After collection, testing and processing of biological material, the cost of these initial preservation steps being preferably covered by the insurance company (either through general cost savings or from the cost of the base policy, or insurance policy rider), the insurance company or policy holder will pay a periodic, e.g., annual, fee to continue the storage and preservation of the biological material. The periodic fee may be paid for directly by the insurance company or may be drawn from the base insurance policy premium, from an insurance policy rider or from the cash value of a policy or may be paid directly to the preservation and storage company by the policy holder. The cost of the preservation/storage fee will preferably be a reasonable cost in order to induce the insurance company or policy holder to continue to pay the storage costs. For example, a fee of about $180-275 (typically, about $225) per year for processing and preservation/storage by the third party would provide an acceptable margin for the insurance company, especially given the savings to be realized by employing the present method. The fee may be used by the insurance company to pay for preservation and storage of the biological material by a third party, or alternatively, the insurance company may joint venture or split the fee with the storage provider. In either case, a non-financial services company is paid by the insurance company for the performance of non-financial services—for the substantial benefit of the insurance company.
The value of the present method to the insurance company is much greater than the cost to maintain/preserve the biological material and greater even than the cost of therapy for the insured. The resulting extension of life of the insured substantially reduces the cost of policy payouts and increase policy premium payments to the insurance carrier. The present invention therefore represents a business approach which is heretofore nonexistent in the insurance industry.
Another advantage of the present invention is that biological material, in particular, adult stem cells, are becoming increasingly valuable for medical/treatment purposes. During the period of the insurance policy, the insurance company may maintain and store, through a third party, a sample of stem cells which may prove therapeutically beneficial for the extension of the insured's life. In certain instances, as a condition pertinent to the base policy or policy rider, or alternatively, if no such policy condition exists, then, after the insured dies, an agreement can be made with the individual policy holder's beneficiary(s) (e.g. a company, family member, or other designated beneficiary(s) of an insured) to allow ownership of the biological material to be: 1.) maintained by the beneficiary, with the beneficiary then assuming responsibility for the annual stem cell specimen storage payments, or 2.) the agreement can designate that storage payments will cease to be paid and the stem cell stored specimen can be transferred to a research facility for further medical use and/or research, or 3.) payments to the third party stem cell specimen storage company could be allowed to lapse, with the beneficiary(s) relinquishing all rights to the stored stem cell specimen and ownership of the stored specimen then reverting to the third party storage company to dispose of in any manner it deems appropriate.
The present invention may be used by insurance companies or related companies which provide insurance policies to corporations and other policy holders and is not limited to the type of company or individual providing the policy. For example, the present invention may be used in key-person, term life or critical illness insurance policies by providing for the storage and/or maintenance of biological material (such as DNA, proteins and adult stem cells from any adult source including from a mononuclear fraction of the blood of the insured, which would contain stem cells, marrow cells, etc.) which could be used in case the insured were to contract a debilitating disease. This method would provide coverage ancillary to an insurance policy such that the biological material could be used in the event the insured (e.g. executive or other key person) was to be stricken. This would allow the insurance company to reduce the likelihood of a payout to the beneficiary of the insured inasmuch as the stem cell preservation would likely be used therapeutically to extend the life of the insured, in many cases, beyond the term of the policy. The substantial reduction and/or delay in payout costs by the insurance company would have a beneficial effect on the insurance company cash-flow and profitability, without incurring substantial additional costs. The insurance company could even charge additional fees for the maintenance of the biological material, or alternatively, may provide a basis to reduce the cost of the insurance policy to the company or individual purchasing the policy for key employees.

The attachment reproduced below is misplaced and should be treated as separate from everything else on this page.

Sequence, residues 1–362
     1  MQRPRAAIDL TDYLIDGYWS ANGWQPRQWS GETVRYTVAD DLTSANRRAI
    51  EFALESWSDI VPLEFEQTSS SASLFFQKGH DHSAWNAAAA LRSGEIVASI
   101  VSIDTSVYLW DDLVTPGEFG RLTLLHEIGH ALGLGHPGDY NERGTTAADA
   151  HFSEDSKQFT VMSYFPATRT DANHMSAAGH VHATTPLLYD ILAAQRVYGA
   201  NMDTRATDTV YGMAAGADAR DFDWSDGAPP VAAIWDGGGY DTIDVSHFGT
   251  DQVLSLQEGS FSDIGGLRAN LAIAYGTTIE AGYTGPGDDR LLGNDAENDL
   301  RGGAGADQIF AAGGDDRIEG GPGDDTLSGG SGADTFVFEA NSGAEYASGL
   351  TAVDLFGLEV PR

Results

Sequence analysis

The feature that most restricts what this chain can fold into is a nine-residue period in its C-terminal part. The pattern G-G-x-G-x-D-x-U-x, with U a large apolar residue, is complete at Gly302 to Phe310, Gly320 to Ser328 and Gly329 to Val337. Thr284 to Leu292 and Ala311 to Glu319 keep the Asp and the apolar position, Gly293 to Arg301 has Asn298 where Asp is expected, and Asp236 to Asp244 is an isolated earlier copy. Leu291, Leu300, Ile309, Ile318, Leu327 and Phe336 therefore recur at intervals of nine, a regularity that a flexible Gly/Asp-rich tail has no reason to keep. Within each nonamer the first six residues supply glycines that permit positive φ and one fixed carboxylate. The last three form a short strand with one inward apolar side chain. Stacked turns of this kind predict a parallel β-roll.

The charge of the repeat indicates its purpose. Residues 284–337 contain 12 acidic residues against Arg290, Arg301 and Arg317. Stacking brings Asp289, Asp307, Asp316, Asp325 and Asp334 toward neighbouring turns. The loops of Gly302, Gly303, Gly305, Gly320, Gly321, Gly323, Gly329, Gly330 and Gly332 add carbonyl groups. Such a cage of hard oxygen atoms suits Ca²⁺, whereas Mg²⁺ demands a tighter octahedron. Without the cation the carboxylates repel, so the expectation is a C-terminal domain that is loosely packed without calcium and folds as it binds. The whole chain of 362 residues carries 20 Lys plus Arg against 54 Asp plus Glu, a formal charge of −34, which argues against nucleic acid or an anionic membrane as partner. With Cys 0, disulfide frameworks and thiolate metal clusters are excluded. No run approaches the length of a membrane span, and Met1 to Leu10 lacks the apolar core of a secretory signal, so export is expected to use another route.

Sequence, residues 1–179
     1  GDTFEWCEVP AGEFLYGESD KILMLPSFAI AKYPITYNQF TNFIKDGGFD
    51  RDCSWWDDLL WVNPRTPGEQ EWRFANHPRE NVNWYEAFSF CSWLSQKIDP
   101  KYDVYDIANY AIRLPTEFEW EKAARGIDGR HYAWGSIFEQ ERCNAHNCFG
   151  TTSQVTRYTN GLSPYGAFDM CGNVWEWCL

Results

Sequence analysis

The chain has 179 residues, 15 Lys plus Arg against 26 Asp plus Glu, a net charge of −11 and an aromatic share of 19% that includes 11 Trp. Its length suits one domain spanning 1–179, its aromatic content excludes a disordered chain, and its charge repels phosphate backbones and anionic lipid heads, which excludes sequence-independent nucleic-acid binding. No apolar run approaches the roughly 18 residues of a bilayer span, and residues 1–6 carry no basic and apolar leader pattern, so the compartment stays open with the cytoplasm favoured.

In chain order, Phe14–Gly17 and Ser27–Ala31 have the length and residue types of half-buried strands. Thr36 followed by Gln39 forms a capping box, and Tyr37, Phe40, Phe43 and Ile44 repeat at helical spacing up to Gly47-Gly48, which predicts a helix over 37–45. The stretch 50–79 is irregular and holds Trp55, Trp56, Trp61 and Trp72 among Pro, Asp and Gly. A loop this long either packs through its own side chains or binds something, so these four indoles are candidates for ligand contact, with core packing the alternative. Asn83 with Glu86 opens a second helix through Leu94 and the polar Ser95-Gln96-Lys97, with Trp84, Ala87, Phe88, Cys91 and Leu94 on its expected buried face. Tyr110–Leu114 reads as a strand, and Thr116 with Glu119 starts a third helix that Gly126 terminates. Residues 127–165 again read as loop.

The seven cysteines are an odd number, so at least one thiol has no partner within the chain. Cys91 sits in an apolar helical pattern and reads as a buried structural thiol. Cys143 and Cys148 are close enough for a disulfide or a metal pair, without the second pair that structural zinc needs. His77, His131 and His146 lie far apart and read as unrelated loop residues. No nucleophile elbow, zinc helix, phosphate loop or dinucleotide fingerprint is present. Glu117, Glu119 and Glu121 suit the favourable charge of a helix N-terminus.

The present method also derives benefit from the recognition that the science of medicine and biology continues to advance, and the present invention may provide individuals with an opportunity to store biological material for the purpose of allowing future science and developments to find a therapeutic use for that material.
The present invention contemplates that when the term policy expires, the provision of the ancillary services terminate. At the end of the insurance term, if desired, there may a retrieval and delivery of the preserved and stored biological material under the auspices of the ancillary service provider. In this event, the requester is typically responsible for the costs of the retrieval and delivery procedures. The transfer of the preserved materials generally, but not necessarily, terminates the obligation of the insurance company (and the policy holder) to make payments to the ancillary service provider. Alternatively, the former insured policy holder, or the beneficiary(s) of the policy upon the death of the insured may, 1.) Elect to maintain ownership of the stored stem cell specimen by agreeing to continue paying annual stem cell specimen storage costs to the third party storage company, or 2.) Choose to terminate such ownership by deciding to not continue paying annual storage fees to the third party storage company and may elect to donate the stem cell specimen to a research facility for further medical use and/or research, or 3.) Cease annual storage payment with the third party storage company and, in so doing, relinquish all rights to the stored specimen, with ownership of the stored specimen then reverting to the storage company to dispose of in any manner it deems appropriate.